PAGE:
Drop the ego and have the humility to regularly ask yourself where you can improve. Whatever your experience, age or position, if you have the impression you know everything, or feel you don't have to listen to advice, it may be high time for a slice of humble pie. If not, life and circumstances will show you.

The Leadership Lessons of the U.S. Navy Seals : Lieutenant Commander Jon Cannon :

Contrary to popular belief, you will not lose credit in the eyes of your team if you admit you don't know everything. Indeed, this will only reinforce your position as leader. In SEALs lingo, 'Cover and Move' means that before you move on the field, whether bullets are raining or not, you always have to ensure that part of the team or another team ensures cover for the team that is moving.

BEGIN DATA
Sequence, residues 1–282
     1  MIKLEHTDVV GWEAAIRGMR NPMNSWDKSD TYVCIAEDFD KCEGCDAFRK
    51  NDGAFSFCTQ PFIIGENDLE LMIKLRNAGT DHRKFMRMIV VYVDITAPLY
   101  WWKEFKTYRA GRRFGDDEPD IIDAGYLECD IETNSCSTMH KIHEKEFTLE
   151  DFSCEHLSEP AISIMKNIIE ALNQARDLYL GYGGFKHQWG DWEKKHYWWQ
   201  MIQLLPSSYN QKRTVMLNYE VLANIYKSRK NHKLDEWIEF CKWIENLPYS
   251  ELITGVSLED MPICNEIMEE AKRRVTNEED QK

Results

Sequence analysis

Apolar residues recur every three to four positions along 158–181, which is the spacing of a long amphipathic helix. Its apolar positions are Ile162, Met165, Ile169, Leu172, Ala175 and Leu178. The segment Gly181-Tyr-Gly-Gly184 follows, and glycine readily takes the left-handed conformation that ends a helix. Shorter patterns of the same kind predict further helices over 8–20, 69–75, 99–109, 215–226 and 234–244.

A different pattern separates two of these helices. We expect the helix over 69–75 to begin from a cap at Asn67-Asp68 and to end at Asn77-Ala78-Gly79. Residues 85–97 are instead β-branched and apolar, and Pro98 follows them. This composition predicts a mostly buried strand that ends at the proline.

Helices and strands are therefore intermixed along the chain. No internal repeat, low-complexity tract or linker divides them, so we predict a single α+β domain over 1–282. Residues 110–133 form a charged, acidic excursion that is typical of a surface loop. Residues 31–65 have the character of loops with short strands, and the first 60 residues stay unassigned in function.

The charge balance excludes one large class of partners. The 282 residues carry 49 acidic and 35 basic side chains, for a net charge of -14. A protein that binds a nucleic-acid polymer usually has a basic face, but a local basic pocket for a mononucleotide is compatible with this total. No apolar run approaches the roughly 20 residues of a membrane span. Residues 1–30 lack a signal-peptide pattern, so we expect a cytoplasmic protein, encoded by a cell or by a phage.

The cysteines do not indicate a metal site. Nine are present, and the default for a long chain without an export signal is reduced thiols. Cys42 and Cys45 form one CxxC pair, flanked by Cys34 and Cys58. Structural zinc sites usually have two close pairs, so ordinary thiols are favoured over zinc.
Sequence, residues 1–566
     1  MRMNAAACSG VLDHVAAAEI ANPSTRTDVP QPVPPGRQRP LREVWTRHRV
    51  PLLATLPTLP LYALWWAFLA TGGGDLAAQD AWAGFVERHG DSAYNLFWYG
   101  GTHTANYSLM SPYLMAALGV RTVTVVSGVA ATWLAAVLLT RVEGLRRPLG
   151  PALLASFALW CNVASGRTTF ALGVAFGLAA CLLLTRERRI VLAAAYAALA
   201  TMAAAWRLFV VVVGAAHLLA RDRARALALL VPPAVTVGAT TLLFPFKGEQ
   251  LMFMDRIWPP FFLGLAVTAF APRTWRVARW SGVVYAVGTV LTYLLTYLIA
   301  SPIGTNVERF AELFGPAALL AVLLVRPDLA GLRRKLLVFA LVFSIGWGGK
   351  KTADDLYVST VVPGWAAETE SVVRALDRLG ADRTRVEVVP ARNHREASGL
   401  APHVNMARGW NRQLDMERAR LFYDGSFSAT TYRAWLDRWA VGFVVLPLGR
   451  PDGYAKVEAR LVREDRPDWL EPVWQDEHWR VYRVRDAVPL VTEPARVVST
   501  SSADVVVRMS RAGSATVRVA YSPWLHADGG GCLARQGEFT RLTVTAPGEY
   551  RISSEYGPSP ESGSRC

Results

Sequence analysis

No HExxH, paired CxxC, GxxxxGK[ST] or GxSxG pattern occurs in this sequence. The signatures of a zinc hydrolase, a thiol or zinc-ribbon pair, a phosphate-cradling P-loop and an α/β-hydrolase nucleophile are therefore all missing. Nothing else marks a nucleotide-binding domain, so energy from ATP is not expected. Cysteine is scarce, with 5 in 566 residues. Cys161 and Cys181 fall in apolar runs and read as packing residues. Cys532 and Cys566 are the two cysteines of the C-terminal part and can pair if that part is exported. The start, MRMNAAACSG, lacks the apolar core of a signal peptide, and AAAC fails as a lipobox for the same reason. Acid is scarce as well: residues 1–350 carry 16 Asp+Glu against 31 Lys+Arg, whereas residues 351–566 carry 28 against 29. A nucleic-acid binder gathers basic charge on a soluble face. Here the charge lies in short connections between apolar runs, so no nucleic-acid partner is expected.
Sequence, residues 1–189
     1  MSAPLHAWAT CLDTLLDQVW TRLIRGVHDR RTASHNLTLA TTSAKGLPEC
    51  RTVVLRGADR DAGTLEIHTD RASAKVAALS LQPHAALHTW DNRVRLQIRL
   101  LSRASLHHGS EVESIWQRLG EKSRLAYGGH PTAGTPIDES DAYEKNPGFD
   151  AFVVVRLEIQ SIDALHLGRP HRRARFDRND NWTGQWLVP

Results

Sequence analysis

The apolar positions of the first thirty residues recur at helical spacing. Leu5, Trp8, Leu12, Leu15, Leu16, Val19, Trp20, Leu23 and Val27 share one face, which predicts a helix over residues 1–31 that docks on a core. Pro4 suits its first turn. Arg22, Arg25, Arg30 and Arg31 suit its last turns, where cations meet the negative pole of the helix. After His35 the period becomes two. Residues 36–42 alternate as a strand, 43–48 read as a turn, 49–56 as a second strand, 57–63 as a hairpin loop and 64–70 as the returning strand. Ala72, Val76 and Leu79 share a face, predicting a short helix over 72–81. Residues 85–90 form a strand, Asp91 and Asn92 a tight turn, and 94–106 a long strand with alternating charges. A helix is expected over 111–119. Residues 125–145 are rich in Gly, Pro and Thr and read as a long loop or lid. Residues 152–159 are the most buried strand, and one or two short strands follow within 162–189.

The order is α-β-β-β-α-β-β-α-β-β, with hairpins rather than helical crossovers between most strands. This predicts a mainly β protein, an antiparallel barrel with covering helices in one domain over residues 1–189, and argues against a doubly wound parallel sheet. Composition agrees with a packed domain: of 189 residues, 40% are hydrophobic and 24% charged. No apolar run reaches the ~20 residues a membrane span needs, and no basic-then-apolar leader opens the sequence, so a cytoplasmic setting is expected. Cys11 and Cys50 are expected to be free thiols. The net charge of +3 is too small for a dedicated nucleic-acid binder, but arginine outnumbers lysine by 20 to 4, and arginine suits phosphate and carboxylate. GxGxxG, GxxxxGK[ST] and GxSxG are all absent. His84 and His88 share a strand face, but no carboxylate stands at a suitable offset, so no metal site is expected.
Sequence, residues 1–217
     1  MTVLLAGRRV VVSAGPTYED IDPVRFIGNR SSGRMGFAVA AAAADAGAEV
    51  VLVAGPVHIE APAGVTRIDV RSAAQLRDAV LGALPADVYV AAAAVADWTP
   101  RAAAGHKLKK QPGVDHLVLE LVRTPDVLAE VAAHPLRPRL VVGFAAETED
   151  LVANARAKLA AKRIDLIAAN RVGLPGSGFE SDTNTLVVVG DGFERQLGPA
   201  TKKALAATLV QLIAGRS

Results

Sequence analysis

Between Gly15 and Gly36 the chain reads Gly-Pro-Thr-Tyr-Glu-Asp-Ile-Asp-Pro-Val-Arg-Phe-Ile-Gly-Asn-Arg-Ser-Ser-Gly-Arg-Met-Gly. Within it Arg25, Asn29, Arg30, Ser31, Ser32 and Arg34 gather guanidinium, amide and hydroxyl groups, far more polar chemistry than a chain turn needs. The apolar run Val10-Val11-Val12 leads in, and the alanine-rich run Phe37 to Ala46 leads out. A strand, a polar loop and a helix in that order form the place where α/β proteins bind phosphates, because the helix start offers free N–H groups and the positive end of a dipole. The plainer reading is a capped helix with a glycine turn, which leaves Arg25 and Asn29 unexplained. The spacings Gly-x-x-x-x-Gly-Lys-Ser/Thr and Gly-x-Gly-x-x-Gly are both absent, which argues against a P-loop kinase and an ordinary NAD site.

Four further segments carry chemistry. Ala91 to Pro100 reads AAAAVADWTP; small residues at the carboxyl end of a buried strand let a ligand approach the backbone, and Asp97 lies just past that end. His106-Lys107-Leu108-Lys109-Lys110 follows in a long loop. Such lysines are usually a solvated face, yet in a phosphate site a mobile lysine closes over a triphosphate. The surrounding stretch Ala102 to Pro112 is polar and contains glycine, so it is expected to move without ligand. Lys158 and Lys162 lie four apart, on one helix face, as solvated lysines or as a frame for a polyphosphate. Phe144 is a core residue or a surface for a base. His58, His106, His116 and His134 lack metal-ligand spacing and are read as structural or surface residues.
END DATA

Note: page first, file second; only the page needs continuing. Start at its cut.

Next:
Just as, when walking, you wouldn't lift a leg before putting down the other.

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This, as you can imagine entails being able to work as a team and with other teams with flawless communication and trust. Each team is engaged in the mission either when moving or when covering the moving team. United in the one perspective, accomplishing the mission, the objective being to ensure the security of every member of the operation. Once again, it is essential here to understand the notion of teamwork and to develop trust in each of its members. And this trust must extend out from the team to the other departments of a business that interact to accomplish its designed mission. An exceptionally interesting sentence I thought and very true.